A fond farewell: School board honors its city counterparts—and one of its own

-A A +A
By John Barnhart

school board. District 2 school board member Jason Johnson noted that VanDerwerker signed his high school diploma. She was vice chairman of the school board that year.


    “I’m the only one on the school board who can say, ‘Mrs. VanDerwerker signed my high school diploma,’” Johnson said.
    VanDerwerker spoke her last official words as a member of the Bedford County School Board at the end of the meeting.
    “I move we adjourn,” she said
    During its meeting the school board nominated  Tom Wilmoth, editor of the Bedford Bulletin, and Justin Faulconer, a reporter for the Lynchburg News and Advance, to the Virginia School Boards Association statewide Media Honor Roll.
    “Mr. Tom Wilmoth is the Editor of the Bedford Bulletin and Mr. Justin Faulconer is a reporter with the Lynchburg News and Advance,” school board spokesman Ryan Edwards wrote in prepared statement. “Both of these individuals strive to stay in-touch with all that goes on within our division. It’s been a pleasure for me to work with Mr. Wilmoth for the past eight years and my time with Mr. Faulconer has been positive as well. Of course they are there to report through turbulent times, but neither will turn their head when it comes to story ideas concerning the great things that go on with our students and staff.
    “Also, I feel we are extremely fortunate to have a publication such as the Bedford Bulletin. Very few divisions in Virginia have a publication that will print every photo, honor roll name and accomplishment from 22 schools that is thrown their way. The Bedford Bulletin does this and does it on a weekly basis.”
    Randy Hagler, the school division’s chief financial officer gave the school board an update on the latest estimates of the impact the new federal healthcare law, known as the Patient Protection and the Affordable Care Act, will have on Bedford County Public Schools. Hagler pointed out that the school division has only considered employees working at least 40 hours per week as full-time employees for the purpose of benefits. Under the healthcare law, an employee working 30 hours a week is considered a full-time employee under the law’s mandate that employers provide approved medical insurance or pay a penalty. He added that the rules covering this are complicated.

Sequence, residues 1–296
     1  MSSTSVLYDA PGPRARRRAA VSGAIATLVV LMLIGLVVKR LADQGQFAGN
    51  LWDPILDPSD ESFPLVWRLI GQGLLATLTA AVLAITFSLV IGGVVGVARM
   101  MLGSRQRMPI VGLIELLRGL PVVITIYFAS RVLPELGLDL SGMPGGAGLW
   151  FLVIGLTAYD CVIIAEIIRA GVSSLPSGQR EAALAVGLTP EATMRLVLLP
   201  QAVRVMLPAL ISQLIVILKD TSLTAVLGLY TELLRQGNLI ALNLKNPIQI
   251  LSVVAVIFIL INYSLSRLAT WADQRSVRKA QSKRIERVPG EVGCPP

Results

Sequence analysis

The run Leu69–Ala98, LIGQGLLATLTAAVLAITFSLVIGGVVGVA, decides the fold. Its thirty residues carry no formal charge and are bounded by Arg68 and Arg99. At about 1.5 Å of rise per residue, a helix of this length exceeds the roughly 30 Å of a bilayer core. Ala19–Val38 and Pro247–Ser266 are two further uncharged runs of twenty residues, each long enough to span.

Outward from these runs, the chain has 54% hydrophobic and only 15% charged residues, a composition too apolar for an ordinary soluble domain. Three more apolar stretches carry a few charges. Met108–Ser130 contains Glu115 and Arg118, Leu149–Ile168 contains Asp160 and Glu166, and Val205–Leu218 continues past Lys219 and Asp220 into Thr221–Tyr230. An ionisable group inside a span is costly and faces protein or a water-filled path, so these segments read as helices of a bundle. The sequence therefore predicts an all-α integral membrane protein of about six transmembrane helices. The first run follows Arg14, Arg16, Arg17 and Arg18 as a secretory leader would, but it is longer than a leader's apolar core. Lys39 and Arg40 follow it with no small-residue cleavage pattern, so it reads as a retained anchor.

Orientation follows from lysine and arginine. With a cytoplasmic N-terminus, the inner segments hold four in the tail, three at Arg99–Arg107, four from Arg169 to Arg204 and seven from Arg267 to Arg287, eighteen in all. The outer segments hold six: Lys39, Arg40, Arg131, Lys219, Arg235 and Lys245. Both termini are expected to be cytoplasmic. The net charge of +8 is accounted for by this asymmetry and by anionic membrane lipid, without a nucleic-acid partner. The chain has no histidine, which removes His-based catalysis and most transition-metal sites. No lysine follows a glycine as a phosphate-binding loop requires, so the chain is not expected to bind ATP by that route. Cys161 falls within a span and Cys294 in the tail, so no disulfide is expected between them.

“It is going to be time consuming to track,” Hagler told the school board.
    In addition to the complicated nature of the law’s rules, Hagler said that the school division’s payroll system is not set up to collect the data needed.
    Hagler said that Bedford County Public Schools has 1,600 employees and nearly half of them are part-time or variable-time workers and the school division will face limits to the way it can employ these workers. Substitute teachers will no longer be able to work other jobs in the school division. They will be limited to four days a week, seven hours per day and won’t be able to have extra duties after the school day. Long-term substitutes will be the exception.
    Hagler expects the school division to have to pay for health care for bus drivers.
    “We do not have a large pool of bus drivers,” Hagler said, noting that drivers can go beyond taking students to school in the morning and taking them back home when school lets out.
    Hagler called the employer-provided insurance mandate a “play or pay” situation. If the school division does not “play” it will have to pay a $2,000 penalty for each employee considered to be full-time under the law.
    “That 30-hour rule is going to impact the school systems,” he said.